Hello,See the attached schematic.
SW1 is actually your reed switch; it's normally open and closes for a brief moment when a magnet on a wheel passes by. I used a relay and signal source so that I could simulate it.
R2 is where you set the speed limit. Once you find the correct setting, you should really remove the pot, measure it, and replace it with a fixed resistor, as pots are not as reliable as fixed resistors.
U1 has a time-out of about 95mS when R2 is adjusted properly. If triggers from the reed switch occur too often, U1 does not time out, and it's output never goes low. This causes U2 to time out a short time later, and its' output goes low, energizing the relay.
As shown, the output to "points" would be connected to the high (coil) side of the points, but that might result in the coil getting overheated. I don't know what arrangement you have for your ignition, but a relay could be wired up in whatever arrangement that's appropriate for your ignition - perhaps to disconnect power from it.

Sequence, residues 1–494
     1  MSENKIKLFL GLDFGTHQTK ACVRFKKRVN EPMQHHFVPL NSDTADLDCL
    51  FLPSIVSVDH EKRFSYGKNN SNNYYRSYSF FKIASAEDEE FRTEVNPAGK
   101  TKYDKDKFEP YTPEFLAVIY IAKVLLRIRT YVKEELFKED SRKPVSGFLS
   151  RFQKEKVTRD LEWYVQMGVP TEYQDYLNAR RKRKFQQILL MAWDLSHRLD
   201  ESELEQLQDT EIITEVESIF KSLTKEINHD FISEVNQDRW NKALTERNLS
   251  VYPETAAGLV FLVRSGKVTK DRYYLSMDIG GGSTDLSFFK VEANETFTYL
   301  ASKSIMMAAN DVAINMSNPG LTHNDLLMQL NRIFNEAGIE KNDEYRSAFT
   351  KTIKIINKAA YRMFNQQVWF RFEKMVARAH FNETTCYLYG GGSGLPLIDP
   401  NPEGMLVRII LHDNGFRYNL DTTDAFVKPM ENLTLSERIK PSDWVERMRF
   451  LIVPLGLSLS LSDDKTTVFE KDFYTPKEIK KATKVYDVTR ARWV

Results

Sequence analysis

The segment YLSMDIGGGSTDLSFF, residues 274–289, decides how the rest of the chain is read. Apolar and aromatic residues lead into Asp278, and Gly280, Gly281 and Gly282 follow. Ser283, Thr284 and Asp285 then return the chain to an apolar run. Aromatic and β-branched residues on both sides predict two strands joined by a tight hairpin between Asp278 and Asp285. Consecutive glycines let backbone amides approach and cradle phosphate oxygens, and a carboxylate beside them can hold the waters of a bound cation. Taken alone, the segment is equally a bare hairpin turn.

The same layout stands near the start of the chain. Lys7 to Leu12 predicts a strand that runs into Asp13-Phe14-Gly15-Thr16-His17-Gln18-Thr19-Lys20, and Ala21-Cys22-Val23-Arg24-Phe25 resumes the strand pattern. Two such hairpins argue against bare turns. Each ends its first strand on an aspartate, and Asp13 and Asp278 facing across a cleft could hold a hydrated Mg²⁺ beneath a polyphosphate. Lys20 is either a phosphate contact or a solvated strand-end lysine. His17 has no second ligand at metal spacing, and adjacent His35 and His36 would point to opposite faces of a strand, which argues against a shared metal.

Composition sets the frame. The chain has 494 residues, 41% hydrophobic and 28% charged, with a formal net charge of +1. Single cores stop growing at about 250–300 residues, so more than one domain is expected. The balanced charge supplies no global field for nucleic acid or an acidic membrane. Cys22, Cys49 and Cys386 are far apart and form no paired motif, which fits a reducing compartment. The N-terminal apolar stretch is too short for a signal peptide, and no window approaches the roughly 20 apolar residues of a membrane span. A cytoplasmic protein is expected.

If your scooter is fuel injected, it would be preferable to interrupt the injector circuit. Otherwise, when the ignition system is disabled, you will be dumping a raw air/fuel mixture into the exhaust system that is extremely flammable, and will likely ignite with a loud "BANG!" when the ignition is again enabled.
I build your circuit, and now I'm trying to test it in bench.
I don't have reed switch yet, so I'm testing without it. When I turn power on, relay is energized instantly and circuit use some power. If I connect voltage meter to GND and U1 trigger pin, it show about 1.5v and circuit using power drops but relay is still energized. I have oscilloscope and pulse generator, can I trigger U1 directly with that for bench test until I get reed switch?
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